More Than 70 Michigan Representatives to Attend Biotechnology Exposition
The Michigan Economic Development Corporation (MEDC) announced today that a team of more than 70 representatives from Michigan businesses, universities, institutions and economic development groups will exhibit at the sold out BIO2001 International Convention and Exhibition, the world’s largest biotechnology exposition. This diverse group will represent the Michigan Life Sciences Corridor, the State of Michigan and their own organizations at the upcoming San Diego event beginning Sunday, June 24.
“The Michigan Life Sciences Corridor seeks to build enthusiasm for and further develop Michigan’s life sciences industry.Being so well represented at BIO2001 is proof that our state already has an impressive life sciences contingent willing to travel across the country to spread the word about Michigan’s burgeoning life sciences industry,” said Doug Rothwell, chairman of the Michigan Life Sciences Corridor Steering Committee.
Activities surrounding the exposition include a panel discussion by several Michigan representatives on workforce issues titled “Building a Workforce for a Biotech Future.”This discussion will involve prominent Michigan business leaders sharing their experiences relating to hiring and retaining high-tech employees.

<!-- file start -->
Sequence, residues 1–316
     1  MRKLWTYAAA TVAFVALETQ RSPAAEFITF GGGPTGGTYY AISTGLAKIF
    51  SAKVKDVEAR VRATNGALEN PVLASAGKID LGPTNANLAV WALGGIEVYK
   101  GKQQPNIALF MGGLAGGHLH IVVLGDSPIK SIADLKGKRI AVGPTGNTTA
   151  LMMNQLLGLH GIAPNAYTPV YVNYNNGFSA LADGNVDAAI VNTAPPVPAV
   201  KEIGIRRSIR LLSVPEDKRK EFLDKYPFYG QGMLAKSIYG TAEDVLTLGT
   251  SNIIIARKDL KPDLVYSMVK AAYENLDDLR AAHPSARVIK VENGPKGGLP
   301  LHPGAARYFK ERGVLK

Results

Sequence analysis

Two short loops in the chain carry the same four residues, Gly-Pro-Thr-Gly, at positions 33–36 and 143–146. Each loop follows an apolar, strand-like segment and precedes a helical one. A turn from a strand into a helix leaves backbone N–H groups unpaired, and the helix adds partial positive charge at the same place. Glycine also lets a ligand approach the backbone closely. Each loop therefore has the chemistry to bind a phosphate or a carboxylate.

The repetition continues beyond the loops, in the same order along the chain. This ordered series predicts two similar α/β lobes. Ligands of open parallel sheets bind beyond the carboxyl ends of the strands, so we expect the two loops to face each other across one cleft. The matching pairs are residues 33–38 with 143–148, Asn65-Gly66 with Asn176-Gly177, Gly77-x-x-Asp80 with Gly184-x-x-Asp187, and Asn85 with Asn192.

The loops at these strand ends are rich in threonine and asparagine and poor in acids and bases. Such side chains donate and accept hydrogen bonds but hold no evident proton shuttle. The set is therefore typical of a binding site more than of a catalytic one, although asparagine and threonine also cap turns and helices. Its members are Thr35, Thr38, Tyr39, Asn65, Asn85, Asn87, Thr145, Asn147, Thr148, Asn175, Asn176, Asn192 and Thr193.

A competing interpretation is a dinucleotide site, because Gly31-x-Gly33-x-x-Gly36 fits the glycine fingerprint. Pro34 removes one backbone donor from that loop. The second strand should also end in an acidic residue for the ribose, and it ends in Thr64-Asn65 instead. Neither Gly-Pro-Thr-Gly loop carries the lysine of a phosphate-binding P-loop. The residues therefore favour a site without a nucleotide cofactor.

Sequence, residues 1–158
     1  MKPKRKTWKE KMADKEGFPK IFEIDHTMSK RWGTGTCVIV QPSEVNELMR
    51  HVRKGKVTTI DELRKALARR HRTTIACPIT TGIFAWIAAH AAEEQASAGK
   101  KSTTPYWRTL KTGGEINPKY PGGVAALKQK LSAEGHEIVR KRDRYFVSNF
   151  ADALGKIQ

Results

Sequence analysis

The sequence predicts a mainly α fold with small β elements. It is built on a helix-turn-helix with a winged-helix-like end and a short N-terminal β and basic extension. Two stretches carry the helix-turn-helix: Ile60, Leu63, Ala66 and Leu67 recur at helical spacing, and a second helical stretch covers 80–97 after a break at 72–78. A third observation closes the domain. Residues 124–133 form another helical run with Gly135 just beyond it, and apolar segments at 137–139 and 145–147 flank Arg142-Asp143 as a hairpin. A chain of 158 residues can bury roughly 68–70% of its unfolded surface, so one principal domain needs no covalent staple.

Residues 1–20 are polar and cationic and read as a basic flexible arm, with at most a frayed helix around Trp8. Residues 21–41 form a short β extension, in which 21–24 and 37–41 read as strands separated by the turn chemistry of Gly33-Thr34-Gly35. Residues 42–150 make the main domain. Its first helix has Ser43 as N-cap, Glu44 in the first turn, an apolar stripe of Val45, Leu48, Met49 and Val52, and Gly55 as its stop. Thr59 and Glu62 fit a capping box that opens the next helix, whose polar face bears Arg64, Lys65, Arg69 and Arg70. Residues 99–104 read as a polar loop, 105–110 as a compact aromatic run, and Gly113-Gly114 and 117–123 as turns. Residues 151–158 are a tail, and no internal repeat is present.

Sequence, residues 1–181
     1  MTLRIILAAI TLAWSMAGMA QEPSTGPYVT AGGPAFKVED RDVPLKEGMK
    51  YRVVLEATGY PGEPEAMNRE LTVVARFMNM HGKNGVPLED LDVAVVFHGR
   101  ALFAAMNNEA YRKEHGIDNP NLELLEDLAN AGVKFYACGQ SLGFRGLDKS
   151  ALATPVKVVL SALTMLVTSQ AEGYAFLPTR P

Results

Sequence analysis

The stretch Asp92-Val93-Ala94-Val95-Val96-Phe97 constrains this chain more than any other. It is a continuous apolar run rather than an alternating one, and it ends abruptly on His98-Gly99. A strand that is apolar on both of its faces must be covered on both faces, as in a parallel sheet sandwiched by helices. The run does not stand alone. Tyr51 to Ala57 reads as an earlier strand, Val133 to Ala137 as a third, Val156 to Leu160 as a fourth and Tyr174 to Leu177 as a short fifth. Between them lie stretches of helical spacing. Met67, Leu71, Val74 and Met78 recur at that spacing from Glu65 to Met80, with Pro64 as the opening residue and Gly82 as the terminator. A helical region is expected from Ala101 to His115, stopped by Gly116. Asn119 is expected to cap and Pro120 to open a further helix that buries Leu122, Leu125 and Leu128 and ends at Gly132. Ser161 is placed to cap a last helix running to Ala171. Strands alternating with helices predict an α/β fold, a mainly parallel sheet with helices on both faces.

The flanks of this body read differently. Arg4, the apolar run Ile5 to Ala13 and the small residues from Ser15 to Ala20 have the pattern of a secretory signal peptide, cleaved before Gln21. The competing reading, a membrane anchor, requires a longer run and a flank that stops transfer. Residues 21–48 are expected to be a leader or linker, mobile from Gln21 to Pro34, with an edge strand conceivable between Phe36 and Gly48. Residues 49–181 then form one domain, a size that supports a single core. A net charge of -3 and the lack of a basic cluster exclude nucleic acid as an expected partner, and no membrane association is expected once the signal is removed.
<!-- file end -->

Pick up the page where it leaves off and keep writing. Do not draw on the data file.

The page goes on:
Members of the Michigan delegation will also be giving individualized presentations at the Michigan booth allowing interested attendees the opportunity to learn about the state’s growing life sciences industry.
Mary Campbell, one of the panelists, and general partner of EDF Ventures said, “This event is an important step in sharing Michigan's message. Michigan's representation will display its strengths, not only in life sciences, but also in the key components of the infrastructure that are critical to bring technology to the market."
BIO represents more than 950 biotechnology companies, academic institutions, state biology centers and related organizations in all 50 states and 33 other nations.BIO members are involved in the research and development of health-care, agricultural, industrial and environmental biotechnology products.
Michigan is a national life sciences leader, with a life sciences workforce that ranks eleventh nationally and sales that are ranked tenth in the nation.The state is home to the University of Michigan, the nation’s leading university for research and development expenditures over the past eight years.To further grow Michigan’s life sciences presence, $1 billion over the next 20 years from the state’s portion of the tobacco settlement has been dedicated to creating Michigan’s Life Sciences Corridor.
The Michigan Economic Development Corporation, a partnership between the state and local communities, promotes smart economic growth by developing strategies and providing services to create and retain good jobs and a high quality of life.